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    • Unlimited [Contemporary Book] ✓ Far to Go - by Alison Pick ✓
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      Posted by:Alison Pick
      Published :2018-012-16T00:17:17+00:00

    About "Alison Pick"

      • Alison Pick

        ALISON PICK S best selling novel FAR TO GO was nominated for the Man Booker Prize and won the Canadian Jewish Book Award It was a Top 10 Book of 2010 at NOW magazine and the Toronto Star, and was published to international acclaim Alison was the winner of the 2002 Bronwen Wallace Award for the most promising writer in Canada under 35 Currently on Faculty at the Humber School for Writers and the Banff Centre for the Arts, she lives and writes in Toronto.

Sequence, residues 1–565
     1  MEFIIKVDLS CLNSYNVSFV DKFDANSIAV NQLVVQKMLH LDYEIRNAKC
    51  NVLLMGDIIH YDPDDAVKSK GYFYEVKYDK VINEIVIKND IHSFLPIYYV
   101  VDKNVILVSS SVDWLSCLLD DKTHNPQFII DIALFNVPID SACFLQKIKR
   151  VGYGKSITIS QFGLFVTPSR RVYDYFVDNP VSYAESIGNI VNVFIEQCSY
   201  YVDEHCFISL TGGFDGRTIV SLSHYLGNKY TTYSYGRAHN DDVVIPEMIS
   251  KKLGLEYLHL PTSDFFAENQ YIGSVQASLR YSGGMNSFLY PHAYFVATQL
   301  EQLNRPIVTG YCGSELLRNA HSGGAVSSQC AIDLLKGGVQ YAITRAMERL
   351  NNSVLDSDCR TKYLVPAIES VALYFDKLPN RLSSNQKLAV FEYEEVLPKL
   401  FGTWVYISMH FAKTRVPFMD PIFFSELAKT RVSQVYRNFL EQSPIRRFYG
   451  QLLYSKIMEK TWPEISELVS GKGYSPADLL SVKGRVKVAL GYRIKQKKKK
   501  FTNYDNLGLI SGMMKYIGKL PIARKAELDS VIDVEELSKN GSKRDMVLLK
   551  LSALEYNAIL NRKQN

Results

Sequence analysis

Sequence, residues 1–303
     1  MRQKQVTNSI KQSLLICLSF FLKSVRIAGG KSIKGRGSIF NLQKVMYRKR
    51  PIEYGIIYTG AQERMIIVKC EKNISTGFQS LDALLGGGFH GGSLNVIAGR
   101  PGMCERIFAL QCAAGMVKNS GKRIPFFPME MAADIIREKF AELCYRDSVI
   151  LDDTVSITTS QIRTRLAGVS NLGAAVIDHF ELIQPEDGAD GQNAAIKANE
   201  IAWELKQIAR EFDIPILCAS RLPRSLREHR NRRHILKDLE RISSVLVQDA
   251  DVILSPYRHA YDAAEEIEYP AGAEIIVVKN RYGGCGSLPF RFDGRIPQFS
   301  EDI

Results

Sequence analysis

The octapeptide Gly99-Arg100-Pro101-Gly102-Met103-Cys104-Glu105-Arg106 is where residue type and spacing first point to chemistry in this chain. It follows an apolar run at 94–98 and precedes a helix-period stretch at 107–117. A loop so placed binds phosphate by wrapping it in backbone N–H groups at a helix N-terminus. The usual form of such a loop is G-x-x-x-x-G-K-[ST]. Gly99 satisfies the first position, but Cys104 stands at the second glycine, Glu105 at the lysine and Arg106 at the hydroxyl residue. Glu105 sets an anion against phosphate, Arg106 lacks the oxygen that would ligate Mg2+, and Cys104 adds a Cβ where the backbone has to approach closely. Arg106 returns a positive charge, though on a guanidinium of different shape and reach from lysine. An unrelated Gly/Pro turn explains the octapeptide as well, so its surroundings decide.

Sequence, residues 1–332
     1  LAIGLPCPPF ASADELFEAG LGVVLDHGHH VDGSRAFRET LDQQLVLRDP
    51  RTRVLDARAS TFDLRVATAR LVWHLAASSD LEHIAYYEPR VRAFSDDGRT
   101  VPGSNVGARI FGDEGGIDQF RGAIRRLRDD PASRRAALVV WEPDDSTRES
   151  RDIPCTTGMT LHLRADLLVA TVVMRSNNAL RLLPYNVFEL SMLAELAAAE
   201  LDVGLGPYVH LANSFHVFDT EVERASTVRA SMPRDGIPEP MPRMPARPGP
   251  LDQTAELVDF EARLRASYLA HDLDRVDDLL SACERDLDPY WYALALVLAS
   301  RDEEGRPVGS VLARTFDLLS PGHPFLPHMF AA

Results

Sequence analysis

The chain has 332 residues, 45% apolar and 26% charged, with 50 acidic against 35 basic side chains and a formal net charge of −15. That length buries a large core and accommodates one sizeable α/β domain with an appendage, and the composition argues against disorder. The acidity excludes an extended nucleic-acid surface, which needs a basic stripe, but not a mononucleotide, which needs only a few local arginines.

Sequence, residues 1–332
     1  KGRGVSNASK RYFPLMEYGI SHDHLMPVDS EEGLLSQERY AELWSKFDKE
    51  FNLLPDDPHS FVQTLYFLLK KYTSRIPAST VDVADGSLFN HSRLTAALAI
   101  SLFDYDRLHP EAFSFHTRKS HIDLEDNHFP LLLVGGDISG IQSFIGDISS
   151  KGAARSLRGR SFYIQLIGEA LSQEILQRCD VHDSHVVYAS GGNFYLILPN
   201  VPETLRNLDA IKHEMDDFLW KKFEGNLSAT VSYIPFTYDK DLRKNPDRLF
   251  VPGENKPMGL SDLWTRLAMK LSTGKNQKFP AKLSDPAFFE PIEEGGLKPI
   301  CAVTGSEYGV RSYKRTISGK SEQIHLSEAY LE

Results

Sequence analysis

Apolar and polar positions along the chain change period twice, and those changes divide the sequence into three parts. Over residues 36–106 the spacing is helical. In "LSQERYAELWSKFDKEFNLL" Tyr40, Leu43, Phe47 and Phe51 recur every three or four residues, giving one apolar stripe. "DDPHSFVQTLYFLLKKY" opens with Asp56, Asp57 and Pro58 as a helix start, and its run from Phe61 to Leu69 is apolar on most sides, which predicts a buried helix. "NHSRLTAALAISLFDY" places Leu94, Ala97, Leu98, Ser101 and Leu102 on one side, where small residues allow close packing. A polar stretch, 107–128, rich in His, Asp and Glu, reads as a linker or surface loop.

476 Comments

    1. "There were families in England who gave up everything they had, and often what they did not have, to offer a tiny traveler some kind of home. There are stories of love and heartbreaking humanity– – but these are not the bulk of the stories." "What I have found far more frequently are cases of trauma and upset. The Kindertransport children that were sent out of Czechoslovakia often spoke no English. They arrived in a country with no desire for war, battling tensions about its own role in the [...]


    2. 4.5 " unbelievably sad and beautiful" stars 8th Favorite Read of 2015 Ms. Pick's book "Far to Go" was long listed for the 2011 booker prize and won the Canadian Jewish Book Prize for fiction that same year.I don't have many words for this book as it completely overwhelmed me emotionally. I cried on the bus, at Starbucks and onto my partner's eggroll at Panda Hut (He said "Jaidee there is enough sodium in the eggroll- you don't have to add to it")The book is gorgeously written with characters tha [...]